One of the nicest things you can do is to promote known stars. For example, take a top-performing SDR who has management potential (an elusive concept, I know, but a whole post unto itself) and give them the chance to run a piece of the SDR team. I prefer to do this — especially for first-time promotions into management — on a reversible basis. Since neither side is certain it’s going to work, I believe it’s best to make someone a “team lead” for six months and then assess how it’s going. If it’s going great, promote them to SDR manager and give them a raise. If it’s not going well, you haven’t burned the ships on making the person a regular SDR again, working on some skills, and trying again in the future. I shade this purple because there is some risk involved, but it’s a good risk to take. People in the organization want see others given the chance to succeed as well as to safely fail in taking on new challenges.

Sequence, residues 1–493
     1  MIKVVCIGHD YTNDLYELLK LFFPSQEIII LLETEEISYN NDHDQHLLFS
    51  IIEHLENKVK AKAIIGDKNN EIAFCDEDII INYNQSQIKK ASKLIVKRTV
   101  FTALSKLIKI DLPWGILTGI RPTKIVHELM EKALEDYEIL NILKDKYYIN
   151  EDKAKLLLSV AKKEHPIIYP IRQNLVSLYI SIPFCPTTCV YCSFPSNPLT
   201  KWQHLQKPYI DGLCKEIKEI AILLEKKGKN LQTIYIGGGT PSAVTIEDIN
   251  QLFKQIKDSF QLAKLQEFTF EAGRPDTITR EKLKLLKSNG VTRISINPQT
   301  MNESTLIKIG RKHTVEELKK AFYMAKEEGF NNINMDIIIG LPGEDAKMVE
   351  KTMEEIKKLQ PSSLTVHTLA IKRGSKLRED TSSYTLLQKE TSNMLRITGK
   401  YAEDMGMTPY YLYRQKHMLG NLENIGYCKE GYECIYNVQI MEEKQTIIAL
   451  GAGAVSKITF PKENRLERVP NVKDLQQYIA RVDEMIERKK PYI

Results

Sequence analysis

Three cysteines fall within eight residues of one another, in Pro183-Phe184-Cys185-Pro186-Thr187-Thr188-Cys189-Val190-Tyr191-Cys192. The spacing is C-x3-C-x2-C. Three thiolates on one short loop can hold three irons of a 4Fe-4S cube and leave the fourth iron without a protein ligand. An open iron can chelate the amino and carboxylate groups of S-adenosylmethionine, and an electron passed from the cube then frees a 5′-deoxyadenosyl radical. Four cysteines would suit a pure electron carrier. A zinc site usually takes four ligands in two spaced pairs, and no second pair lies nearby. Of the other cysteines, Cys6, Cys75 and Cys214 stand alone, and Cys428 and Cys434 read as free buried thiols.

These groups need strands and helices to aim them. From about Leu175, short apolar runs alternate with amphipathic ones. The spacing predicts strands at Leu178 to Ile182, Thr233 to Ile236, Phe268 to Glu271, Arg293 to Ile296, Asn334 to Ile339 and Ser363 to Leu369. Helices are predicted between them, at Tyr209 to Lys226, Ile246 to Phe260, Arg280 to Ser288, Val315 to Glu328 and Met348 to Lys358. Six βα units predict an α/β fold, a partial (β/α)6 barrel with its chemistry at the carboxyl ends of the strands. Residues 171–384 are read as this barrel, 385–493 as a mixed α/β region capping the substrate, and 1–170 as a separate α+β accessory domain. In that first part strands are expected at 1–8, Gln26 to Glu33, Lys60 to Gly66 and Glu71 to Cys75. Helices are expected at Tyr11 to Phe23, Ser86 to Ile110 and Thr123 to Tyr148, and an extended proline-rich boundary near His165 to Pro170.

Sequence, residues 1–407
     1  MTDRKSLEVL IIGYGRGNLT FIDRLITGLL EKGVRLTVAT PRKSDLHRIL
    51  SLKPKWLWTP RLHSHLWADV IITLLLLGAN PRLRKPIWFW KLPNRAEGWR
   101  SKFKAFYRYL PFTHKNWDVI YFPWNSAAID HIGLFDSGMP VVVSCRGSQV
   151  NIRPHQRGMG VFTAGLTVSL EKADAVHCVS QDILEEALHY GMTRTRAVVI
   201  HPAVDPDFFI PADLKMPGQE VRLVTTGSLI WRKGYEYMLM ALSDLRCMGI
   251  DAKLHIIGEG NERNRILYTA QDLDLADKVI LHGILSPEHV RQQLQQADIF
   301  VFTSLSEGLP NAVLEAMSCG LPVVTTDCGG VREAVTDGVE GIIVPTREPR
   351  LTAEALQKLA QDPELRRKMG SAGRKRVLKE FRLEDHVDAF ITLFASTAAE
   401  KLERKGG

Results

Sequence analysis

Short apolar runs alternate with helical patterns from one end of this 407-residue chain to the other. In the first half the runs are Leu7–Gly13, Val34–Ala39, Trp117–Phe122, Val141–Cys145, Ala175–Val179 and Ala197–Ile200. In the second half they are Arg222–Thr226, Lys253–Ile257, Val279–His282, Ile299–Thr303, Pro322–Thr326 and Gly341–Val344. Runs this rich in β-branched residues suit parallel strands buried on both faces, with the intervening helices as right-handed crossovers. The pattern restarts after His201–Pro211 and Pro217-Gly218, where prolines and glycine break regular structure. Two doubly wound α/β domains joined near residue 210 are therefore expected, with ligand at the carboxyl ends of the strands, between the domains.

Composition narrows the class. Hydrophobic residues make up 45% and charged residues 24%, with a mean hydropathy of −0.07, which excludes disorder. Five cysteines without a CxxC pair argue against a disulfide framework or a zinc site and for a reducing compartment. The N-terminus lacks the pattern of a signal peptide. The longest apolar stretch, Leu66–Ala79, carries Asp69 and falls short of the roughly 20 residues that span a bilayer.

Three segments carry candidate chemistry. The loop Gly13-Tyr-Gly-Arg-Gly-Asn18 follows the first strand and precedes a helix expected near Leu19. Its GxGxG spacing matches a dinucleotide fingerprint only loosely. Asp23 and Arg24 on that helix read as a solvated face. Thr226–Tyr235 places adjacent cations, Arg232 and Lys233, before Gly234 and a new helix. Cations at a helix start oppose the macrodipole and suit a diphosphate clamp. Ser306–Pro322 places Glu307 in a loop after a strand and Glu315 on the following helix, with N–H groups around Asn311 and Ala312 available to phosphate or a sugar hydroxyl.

If you lack existing team members with management potential or if your current team has too many first-time (and too few experienced) managers, then your best move is to hire qualified strangers. While the stranger might want a career step-up, the reality is that most companies hire new people to do jobs they already know how to do. Cross-company promotions are rare and candidates offered them should be somewhat wary. Why again are these people willing to make me a CMO for the first time? Sometimes the reasons are good — e.g., you’ve been a divisional marketing VP at a larger company and move into a startup. Sometimes the reasons are bad. Think: why won’t any qualified CMO (who knows this space) take this job? But, moving back to the employer perspective, I shade this square purple because external hiring is always risky, but you can minimize that risk by hiring people who have done the job before.